First things first: I know that we have a number of readers in several European countries, including France. I hope that they see this within the next few days, if for no other reason than for them to know that we here, like all our right-thinking countrymen, stand with them in this terrible time. We are resolved to do all necessary to put an end to this senseless brutality, and we support them in their efforts to find and punish whoever is responsible for this cowardly act.
So, having gotten that off my chest, I guess this will be a fairly brief note only because there are more important things going on in the world at the moment (as there always are, but not always as outrageous as this particular incident).
One thing that has kept me entertained for the past few days is that I have just taken delivery of a couple of cases of assorted Martinelli wines that have been sitting at the winery for the past year or so as I shuttled back and forth between home (California) and New Mexico, where I was obsessed by a project involving trying to save a failing golf club (we were not successful, unfortunately). I had almost forgotten about the wines until Martinelli's Denise Robuchaitis, who I suspect is a customer-relations specialist, or should be if she's not, contacted me to inquire as to when I'd be claiming them. Long story made short, she got them off to me in a far more efficient manner than I deserved, and they showed up at my front door in short order. I admit that I always feel a little hypocritical when I indulge my weakness for the wines of a couple of "superhero" producers, Martinelli being one, but I can't help myself: I've been a fan of these wineries (Mayacmas is the other) since the dawn of wine-time, and I've continued to bite the bullet and buy a few bottles each year even as prices continued to climb. I doubt that I'll ever give them up, unless something dramatic and unexpected happens: Bob Travers has finally decided to hand-off Mayacamas to its next caretakers, so we'll see how that goes, but Martinelli seems to be set for continuing family control into the foreseeable future and should be (I hope) a stable ship. At any rate, I continue to brave my wife's flanking maneuvers and appeals to common sense (in truth, who does really need a $90 pinot noir or a $65 cabernet?) and buy them in moderation when my annual opportunities come around. And I still think it's money well spent...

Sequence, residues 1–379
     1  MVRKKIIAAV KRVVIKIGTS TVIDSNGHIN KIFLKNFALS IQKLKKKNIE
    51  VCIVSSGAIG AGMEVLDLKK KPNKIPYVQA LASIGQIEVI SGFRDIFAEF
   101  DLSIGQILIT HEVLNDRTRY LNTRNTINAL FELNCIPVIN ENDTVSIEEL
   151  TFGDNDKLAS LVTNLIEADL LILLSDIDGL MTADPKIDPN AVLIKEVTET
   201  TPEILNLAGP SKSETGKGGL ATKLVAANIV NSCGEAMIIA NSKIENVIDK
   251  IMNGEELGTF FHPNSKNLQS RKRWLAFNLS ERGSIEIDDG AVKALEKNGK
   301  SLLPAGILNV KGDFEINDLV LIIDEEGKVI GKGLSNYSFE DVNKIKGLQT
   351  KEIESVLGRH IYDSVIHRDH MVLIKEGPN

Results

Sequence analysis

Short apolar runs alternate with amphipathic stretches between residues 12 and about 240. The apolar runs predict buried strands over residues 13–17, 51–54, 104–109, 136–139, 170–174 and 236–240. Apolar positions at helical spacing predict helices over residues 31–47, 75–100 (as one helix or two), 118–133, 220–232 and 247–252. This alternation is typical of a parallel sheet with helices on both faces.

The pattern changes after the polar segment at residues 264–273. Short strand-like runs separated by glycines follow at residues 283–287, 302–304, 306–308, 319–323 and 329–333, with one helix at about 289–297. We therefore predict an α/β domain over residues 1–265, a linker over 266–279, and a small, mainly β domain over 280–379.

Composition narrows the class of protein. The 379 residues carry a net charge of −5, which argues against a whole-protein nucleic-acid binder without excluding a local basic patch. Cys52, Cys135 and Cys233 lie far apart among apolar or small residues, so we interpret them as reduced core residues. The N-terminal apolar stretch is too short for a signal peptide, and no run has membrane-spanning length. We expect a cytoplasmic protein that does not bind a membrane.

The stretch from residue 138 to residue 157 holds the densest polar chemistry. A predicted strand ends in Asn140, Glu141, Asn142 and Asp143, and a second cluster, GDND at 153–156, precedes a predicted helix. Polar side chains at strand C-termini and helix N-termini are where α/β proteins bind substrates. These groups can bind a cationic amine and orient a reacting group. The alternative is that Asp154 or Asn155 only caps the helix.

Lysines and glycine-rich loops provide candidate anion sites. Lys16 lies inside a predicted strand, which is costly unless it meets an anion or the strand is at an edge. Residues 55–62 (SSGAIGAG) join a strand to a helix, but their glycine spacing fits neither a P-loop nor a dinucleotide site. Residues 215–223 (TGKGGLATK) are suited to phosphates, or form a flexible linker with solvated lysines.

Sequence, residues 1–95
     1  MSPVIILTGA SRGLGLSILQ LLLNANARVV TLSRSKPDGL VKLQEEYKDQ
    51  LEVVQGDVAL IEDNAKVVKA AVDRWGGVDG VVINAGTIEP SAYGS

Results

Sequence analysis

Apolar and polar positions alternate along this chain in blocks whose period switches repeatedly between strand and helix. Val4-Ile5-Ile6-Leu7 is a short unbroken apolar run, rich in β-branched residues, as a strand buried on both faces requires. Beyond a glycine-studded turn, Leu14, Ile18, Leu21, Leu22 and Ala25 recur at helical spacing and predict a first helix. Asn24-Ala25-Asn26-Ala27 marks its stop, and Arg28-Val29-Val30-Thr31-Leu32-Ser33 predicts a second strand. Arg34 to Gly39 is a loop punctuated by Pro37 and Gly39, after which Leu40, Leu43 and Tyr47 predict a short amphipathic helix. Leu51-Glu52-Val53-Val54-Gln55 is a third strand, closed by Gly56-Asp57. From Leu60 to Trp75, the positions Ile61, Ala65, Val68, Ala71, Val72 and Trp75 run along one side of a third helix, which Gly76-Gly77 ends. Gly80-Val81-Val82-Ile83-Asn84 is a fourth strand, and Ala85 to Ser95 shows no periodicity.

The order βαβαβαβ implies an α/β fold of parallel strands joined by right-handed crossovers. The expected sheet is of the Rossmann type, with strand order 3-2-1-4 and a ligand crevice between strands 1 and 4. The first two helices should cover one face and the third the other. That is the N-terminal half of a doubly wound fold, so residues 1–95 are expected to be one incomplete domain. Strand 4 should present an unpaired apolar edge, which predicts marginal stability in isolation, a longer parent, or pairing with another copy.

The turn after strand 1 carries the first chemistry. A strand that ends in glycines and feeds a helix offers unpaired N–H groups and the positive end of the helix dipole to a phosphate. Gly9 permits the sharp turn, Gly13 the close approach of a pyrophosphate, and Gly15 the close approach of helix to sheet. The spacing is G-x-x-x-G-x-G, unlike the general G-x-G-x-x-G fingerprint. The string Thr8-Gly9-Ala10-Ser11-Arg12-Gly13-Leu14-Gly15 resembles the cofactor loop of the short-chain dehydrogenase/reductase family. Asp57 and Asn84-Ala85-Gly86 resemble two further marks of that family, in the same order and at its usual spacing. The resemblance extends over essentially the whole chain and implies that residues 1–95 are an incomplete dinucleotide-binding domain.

In closing, just a little tickler for those of you who are true and dedicated students of gastronomy: my question is this: how long has it been (if ever) that you sat down with your copy of Larousse's Gastronomique and just opened it at random and started reading? Try it. I guarantee you a full evening of fascination. It is an astounding work that transports food people (not just chefs and restaurateurs) back to a different world, when great cooks were viewed almost the same way as magicians and conjurers, so mysterious and complex was their craft. Reading its entries is almost an adventure, and it's easy to picture the ingredients as they are described, as well as to imagine the dishes coming together as the preparations are playing out. If you don't have a copy, go buy one; used book stores and flea markets are the best sources, because you'll usually find 30 or 40 year-old copies in well-cared-for condition with evident history of former owners at next-to-nothing prices. These old pre-owned books have a nice feel, and they need a home, so invest in one. It's a purchase you'll appreciate for many, many years to come, and you'll get a lot of enjoyment from it. And you'll learn a lot.
Okay, that's it for now.